Growth and profitability are the two variables that most impact your agency’s value and most closely influence your agency’s long-term viability. To grow and attract the best talent in our industry, you have to be a winning organization. Winning in our industry boils down to your ability to grow and generate strong profit margins. Organic growth is a great starting point to get a sense of where you are compared to the top performers in the industry. At the end of the day, winners and also-rans in this industry are generally characterized by their ability to grow organically. How do you compare with your peers?
  1. Sales Velocity
    Over the years I’ve heard agencies say, “We want to grow 10% a year” – and that’s the end of the discussion. What they haven’t done is ask, “How much new business would we need to write to accomplish that?’” If you want to grow by 10% and you’re giving up 7 percentage points on rate, retention and exposure realities, you’ll need to write 17% in new business to get to your 10% growth goal. The Sales Velocity metric can be a real help in understanding how likely you are to be able to achieve your growth goals. Expressed as a percentage, Sales Velocity is calculated by dividing this year’s written new business by last year’s commissions and fees. By isolating the new business component of your organic growth, Sales Velocity will help you to assess your own performance and develop realistic growth goals.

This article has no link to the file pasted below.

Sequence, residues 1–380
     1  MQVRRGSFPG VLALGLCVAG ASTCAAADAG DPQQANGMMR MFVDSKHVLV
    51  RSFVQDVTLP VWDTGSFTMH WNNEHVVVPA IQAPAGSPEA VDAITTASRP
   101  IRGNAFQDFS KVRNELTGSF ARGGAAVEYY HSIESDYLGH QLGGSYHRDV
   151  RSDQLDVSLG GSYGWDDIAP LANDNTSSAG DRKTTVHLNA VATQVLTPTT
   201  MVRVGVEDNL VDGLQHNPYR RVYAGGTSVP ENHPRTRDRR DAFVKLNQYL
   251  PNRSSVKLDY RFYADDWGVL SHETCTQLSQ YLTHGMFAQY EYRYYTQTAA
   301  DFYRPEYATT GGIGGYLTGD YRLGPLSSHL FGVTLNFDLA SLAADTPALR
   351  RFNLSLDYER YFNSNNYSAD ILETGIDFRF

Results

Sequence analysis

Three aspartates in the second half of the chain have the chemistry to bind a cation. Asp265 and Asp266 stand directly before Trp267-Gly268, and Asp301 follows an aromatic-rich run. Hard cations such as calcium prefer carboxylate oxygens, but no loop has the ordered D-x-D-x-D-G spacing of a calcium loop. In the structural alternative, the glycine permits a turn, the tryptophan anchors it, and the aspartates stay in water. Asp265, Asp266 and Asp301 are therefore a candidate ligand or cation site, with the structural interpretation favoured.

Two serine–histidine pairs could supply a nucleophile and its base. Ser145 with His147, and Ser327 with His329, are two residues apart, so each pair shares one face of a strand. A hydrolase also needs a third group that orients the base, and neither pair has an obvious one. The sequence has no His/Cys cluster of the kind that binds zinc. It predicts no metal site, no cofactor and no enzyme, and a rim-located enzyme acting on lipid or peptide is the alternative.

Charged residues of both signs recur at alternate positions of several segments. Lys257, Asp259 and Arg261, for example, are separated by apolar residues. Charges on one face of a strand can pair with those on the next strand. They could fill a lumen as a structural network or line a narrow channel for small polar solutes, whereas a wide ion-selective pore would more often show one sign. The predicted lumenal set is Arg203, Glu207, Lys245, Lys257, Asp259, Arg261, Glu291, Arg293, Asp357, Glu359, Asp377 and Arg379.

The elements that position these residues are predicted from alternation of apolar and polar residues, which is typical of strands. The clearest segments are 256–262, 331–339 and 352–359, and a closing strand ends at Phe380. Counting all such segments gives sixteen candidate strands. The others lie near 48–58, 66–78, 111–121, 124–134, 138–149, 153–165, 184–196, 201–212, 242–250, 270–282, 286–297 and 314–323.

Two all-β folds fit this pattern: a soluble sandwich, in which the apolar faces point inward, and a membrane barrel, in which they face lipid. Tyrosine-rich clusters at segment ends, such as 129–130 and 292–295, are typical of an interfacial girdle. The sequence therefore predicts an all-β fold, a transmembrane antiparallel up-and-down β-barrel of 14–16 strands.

1. Pro Forma Profitability